Exploring LGBTQ Life in Japan

Jul 26, 2023
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Exploring LGBTQ Life in Japan

Japan is known for being a socially conservative country, but how is it for LGBTQ people living there or visiting as a tourist? In this insightful interview video, vlogger Takashi hits the streets of Tokyo to speak with members of the LGBTQ community about their experiences.

Takashi attends the lively Tokyo Rainbow Pride parade and approaches attendees to share their stories. His first interviewee is Hiroyuki, a gay Japanese and Filipino man. Hiroyuki explains that while Japanese people are tolerant, being LGBTQ is still taboo. Same-sex couples may get stared at for holding hands, and people face difficulties coming out, especially in the workplace. However, violent hate crimes are rare compared to other countries. Hiroyuki notes that events like Pride help increase visibility and acceptance.

When asked if it’s different being a native Japanese person versus a foreigner, Hiroyuki says locals face more challenges being out. For foreigners, being gay can be seen as just a “gaijin thing.” He credits this perception to lack of LGBTQ representation in Japanese media. However, he says youth attitudes are changing thanks to greater exposure from foreign movies and TV.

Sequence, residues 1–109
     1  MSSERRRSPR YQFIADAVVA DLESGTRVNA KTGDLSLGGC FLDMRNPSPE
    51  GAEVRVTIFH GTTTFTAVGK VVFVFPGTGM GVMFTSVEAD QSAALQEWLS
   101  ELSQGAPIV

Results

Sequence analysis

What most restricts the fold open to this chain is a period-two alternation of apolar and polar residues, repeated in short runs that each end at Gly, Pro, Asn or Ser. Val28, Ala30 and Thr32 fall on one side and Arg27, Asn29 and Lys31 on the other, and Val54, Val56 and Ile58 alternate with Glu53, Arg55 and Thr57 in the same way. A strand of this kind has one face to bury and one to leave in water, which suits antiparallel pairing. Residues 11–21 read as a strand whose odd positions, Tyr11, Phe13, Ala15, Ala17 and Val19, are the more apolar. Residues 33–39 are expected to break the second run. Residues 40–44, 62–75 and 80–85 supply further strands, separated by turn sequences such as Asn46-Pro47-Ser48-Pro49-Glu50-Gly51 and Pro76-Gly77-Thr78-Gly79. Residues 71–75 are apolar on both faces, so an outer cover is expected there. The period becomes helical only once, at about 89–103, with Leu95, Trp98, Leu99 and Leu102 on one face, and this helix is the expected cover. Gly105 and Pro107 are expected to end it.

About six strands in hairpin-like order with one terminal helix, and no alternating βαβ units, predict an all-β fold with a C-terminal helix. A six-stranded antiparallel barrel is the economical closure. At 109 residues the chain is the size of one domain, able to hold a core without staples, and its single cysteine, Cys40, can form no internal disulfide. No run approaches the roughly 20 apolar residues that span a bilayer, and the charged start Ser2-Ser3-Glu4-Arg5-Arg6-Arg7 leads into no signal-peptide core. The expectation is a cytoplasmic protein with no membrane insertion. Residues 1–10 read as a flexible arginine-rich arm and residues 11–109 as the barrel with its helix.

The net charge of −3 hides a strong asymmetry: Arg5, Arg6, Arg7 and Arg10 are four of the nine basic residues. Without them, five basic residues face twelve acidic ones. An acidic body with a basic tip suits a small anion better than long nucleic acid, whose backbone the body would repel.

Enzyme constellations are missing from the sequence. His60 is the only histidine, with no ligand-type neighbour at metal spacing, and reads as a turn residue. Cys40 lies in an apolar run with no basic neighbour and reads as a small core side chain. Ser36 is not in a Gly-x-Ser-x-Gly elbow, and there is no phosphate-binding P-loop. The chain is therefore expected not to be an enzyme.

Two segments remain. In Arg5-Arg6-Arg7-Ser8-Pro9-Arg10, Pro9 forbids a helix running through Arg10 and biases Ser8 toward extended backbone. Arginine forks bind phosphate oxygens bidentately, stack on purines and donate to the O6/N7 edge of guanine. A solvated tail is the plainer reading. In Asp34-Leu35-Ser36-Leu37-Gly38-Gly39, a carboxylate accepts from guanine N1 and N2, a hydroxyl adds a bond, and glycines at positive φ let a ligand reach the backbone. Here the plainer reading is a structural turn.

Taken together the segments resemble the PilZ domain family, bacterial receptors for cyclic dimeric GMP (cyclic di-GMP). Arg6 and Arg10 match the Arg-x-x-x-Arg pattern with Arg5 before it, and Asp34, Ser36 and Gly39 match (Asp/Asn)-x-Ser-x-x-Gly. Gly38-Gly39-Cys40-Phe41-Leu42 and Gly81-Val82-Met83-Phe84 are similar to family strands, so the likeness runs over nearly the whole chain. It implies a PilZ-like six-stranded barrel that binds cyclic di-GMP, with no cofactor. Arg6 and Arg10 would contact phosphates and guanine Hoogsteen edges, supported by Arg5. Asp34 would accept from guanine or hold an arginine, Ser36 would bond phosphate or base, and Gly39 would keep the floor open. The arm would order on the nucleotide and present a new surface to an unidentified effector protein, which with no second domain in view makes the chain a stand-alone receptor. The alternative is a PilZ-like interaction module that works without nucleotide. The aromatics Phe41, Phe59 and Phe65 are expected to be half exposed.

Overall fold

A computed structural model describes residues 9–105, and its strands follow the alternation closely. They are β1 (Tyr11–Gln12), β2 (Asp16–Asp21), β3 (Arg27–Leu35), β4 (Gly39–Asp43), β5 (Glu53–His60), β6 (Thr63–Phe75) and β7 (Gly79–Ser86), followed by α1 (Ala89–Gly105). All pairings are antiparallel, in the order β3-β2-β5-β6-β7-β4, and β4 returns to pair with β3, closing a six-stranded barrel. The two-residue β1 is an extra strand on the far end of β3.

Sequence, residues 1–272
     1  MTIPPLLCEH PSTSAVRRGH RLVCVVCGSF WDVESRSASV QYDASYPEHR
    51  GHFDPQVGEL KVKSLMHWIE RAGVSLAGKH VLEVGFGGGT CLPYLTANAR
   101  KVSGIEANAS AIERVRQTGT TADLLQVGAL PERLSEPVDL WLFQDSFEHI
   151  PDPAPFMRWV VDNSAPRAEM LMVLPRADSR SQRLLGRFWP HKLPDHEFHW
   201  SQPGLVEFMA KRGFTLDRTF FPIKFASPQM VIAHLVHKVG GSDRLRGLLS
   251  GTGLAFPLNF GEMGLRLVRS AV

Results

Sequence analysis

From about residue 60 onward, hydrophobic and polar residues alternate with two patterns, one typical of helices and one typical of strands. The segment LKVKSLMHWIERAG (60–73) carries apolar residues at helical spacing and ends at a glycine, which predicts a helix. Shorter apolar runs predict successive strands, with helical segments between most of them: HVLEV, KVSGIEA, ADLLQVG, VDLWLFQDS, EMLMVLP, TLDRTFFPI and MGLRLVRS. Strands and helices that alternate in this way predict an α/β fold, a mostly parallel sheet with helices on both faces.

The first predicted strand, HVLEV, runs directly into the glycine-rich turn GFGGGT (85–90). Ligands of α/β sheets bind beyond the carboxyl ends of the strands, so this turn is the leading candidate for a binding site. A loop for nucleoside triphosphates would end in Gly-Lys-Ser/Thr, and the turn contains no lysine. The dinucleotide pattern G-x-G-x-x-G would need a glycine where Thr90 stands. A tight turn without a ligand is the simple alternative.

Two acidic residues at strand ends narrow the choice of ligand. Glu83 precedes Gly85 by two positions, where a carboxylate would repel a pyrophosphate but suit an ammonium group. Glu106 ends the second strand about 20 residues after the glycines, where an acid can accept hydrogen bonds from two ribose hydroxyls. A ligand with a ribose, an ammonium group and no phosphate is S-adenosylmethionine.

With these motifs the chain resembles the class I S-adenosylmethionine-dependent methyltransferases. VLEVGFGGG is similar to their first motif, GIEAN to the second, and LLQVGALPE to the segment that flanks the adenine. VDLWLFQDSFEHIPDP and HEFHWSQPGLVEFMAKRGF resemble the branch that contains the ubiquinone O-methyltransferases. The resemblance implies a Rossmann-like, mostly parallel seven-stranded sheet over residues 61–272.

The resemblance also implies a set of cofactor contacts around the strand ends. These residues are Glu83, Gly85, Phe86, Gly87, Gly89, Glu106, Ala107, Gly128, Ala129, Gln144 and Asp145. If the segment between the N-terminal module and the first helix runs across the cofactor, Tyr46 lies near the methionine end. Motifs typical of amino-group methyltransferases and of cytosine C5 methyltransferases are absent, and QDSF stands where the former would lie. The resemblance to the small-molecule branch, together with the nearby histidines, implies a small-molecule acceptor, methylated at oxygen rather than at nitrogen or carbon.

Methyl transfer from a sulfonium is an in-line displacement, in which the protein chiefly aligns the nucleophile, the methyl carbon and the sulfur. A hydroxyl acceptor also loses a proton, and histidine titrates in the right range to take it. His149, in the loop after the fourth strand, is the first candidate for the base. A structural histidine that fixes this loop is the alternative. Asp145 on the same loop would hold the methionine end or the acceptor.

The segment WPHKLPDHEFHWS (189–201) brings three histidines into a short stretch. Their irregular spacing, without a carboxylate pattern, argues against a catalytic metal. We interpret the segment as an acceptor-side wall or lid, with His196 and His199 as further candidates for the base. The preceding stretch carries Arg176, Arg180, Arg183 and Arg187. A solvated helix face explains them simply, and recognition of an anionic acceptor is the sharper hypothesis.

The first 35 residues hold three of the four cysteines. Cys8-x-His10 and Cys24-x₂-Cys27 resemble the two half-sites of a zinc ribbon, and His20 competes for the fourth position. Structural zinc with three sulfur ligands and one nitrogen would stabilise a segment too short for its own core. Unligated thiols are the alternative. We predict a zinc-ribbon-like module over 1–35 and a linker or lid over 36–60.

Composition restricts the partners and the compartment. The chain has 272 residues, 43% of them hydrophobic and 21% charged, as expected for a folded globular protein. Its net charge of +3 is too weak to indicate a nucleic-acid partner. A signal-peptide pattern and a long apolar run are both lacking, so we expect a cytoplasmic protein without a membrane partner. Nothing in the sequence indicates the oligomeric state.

Next is Pepe, a queer Japanese and Puerto Rican person originally from Osaka. Pepe emphasizes the lack of diversity in Japan compared to Western hubs like Canada. While LGBTQ is gaining awareness, knowledge is still limited mostly to the LGB part of the acronym. There’s less understanding of identities like queer, trans, and non-binary. Pepe advises LGBTQ tourists to visit urban areas like Tokyo rather than the conservative countryside. Joining local LGBTQ circles is key to having a positive experience.

Bade from Turkey shares her perspective as a bisexual exchange student. She feels comfortable expressing herself in Japan compared to the restrictions in her home country. Bade was able to quickly find LGBTQ friends, though she only comes out to other queer people. She notes that as a student, she can’t speak to challenges LGBTQ workers may face being out professionally.

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Finally, Stuart, a gay Filipino-Japanese man raised in both countries, provides insight on growing up LGBTQ in Japan. He felt excluded and had to hide his sexuality to avoid bullying. Stuart wishes schools provided more LGBTQ education to promote acceptance and debunk misconceptions. He advises LGBTQ visitors not to be deterred, because Japan has thriving queer communities and events like Pride where people can freely express their identities.

While Japan still has progress to make on LGBTQ equality, Takashi’s interviews reveal a relatively safe environment for being out compared to many places. LGBTQ tourists can enjoy Japan while taking advantage of welcoming communities in metropolitan hubs. With more international influence and activism, attitudes appear to be gradually shifting.